Children under 18 in poverty (ACS) in Hawaii
Why This Indicator Matters
Poverty and the associated financial stress can harm child development and limit learning opportunities. Research shows that families need income at least twice the poverty level to cover basic living expenses like food, housing, transportation and childcare.1 Children growing up in poverty face financial stress that affects cognitive, social, emotional and physical health.2
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Children under 18 in poverty (ACS)
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Children under 18 in poverty (ACS)
because one or more years have been deselected.
Definitions:Percent of children under 18 years old in families with incomes below 100% of the federal poverty level
Data Source:U.S. Census Bureau, (various years), American Community Survey 5-Year Estimates, Table B17024: Age by Ratio of Income to Poverty Level in the Past 12 Months - Universe: Population for whom poverty status is determined
Poverty estimates from ACS should not be compared with other poverty indicators based on data from the Small Area Income and Poverty Estimates (SAIPE).
Please note, the U.S. Census Bureau’s American Community Survey (ACS) 5-year estimates provide average characteristics aggregated over a 5-year period. The primary advantage of using multiyear estimates is the increased statistical reliability of the data for less populated areas and small population subgroups. However, 5-year estimates are less current than single year estimates (i.e., since they are derived from averages over five calendar years) and should not be compared to single year estimates. The Census Bureau suggests comparing periods that do not overlap, such as comparing 2007-2011 with 2012-2016, which means waiting longer to identify a trend (for more information, read the comparison guidance and Period Estimates in the American Community Survey). However, in areas undergoing fundamental shifts in the size or composition of the population, change may be so substantial that it will be obvious after only a few years. Please see the ACS handbook on Understanding and Using American Community Survey Data for more information.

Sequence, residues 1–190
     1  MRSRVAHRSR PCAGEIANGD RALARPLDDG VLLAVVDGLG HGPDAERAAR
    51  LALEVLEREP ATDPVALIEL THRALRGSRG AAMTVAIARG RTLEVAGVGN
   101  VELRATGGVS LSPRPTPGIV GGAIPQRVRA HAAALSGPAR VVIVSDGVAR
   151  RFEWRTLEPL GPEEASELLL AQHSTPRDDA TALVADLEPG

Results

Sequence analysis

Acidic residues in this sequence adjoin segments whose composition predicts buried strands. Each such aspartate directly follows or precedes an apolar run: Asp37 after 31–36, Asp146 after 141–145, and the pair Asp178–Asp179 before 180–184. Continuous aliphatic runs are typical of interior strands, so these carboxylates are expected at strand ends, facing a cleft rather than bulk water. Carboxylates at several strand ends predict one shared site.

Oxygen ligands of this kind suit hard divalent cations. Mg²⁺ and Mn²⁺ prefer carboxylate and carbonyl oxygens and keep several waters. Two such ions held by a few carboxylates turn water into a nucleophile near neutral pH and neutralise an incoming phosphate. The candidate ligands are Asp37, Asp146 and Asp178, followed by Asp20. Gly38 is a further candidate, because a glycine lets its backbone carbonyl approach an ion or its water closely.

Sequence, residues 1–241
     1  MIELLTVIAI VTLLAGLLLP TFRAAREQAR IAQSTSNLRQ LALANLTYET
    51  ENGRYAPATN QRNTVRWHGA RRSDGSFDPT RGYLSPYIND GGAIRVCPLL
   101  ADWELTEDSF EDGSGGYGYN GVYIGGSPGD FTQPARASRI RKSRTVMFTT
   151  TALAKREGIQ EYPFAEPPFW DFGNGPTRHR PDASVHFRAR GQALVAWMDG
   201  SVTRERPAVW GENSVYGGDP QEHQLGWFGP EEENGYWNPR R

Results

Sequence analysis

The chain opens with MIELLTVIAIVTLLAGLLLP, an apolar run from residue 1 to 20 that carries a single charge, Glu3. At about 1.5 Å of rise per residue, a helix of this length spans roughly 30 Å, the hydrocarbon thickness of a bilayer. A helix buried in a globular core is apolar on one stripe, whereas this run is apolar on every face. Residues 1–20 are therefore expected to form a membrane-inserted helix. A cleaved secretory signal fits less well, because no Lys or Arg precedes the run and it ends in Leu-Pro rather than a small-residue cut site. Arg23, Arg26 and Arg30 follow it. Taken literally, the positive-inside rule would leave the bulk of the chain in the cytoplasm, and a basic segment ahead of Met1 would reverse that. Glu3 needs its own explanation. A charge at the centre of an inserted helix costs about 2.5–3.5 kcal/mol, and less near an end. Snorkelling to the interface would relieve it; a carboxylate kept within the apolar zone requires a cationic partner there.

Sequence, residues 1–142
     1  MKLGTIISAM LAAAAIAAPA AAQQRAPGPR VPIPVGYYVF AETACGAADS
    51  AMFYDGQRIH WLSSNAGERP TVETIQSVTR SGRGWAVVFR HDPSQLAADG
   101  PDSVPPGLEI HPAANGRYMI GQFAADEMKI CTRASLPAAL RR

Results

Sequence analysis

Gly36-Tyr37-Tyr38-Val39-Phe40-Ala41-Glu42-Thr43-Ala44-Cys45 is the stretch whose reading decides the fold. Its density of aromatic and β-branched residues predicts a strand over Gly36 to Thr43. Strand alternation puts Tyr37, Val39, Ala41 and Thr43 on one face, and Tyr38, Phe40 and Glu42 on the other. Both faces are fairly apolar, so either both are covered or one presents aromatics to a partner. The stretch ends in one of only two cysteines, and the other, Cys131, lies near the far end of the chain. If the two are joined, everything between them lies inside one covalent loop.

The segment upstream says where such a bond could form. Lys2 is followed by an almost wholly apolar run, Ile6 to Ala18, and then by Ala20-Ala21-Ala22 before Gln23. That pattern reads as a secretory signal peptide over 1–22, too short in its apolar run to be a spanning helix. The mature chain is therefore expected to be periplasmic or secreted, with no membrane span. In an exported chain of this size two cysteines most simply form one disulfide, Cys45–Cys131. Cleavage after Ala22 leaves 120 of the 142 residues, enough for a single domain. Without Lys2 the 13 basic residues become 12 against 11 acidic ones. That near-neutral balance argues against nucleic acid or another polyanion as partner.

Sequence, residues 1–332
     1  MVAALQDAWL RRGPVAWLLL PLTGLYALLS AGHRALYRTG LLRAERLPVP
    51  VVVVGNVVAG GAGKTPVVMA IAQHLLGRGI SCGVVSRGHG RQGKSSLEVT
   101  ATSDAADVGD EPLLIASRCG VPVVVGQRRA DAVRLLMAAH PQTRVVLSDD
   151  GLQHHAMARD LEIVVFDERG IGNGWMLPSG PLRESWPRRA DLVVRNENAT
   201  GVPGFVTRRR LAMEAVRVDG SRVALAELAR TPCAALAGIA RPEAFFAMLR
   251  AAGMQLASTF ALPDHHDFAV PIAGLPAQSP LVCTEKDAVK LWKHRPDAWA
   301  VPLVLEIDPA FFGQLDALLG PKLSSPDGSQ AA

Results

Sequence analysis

Following pandemic-related data collection disruptions, the Census Bureau revised its methodology to reduce nonresponse bias in data collected in 2020. After evaluating the effectiveness of this methodology, the Census Bureau determined the standard, full suite of 2016–2020 ACS 5-year data are fit for public release, government and business uses. To learn more about changes to the methodology, view the methodology user note.The estimate for Kauai County in 2010 only offers medium reliability and should be used with caution. For more information, contact the Center on the Family.
A 90 percent confidence interval for each estimate can be found at the footnotes below.
1 National Center for Children in Poverty. “Measuring Poverty.” Accessed July 2019. Available here: http://www.nccp.org/topics/measuringpoverty.html.
2 Brooks-Gunn, Jeanne and Greg J. Duncan. 1997. “The Effects of Poverty on Children.” The Future of Children 7(2).; 1Engle, Patrice L. and Maureen M. Black. 2008. “The Effect of Poverty on Child Development and Educational Outcomes.” Annals of the New York Academy of Sciences 1136(1): 243-256.; KIDS COUNT. 2019. “2019 Kids Count Data Book: State Trends in Child Well-being.” The Annie E. Casey Foundation. Available here: https://www.aecf.org/m/resourcedoc/aecf-2019kidscountdatabook-2019.pdf.; Ratcliffe, Caroline and Signe-Mary McKerman. 2012. “Child Poverty and Its Lasting Consequences.” Washington D.C.: The Urban Institute.
Hawaiʻi Children's Action Network
Hawaii KIDS COUNT is a partnership between the Hawaii Children’s Action Network (HCAN), the University of Hawaii Center on the Family, Hawaii Appleseed Center for Law and Economic Justice, and the Hawaii Budget and Policy Center.
HCAN is the Hawaii state partner for KIDS COUNT. HCAN has long invested in research and analysis as a cornerstone of our work to ensure all children are healthy, safe, and ready to learn.
Additional Hawaii State Resources: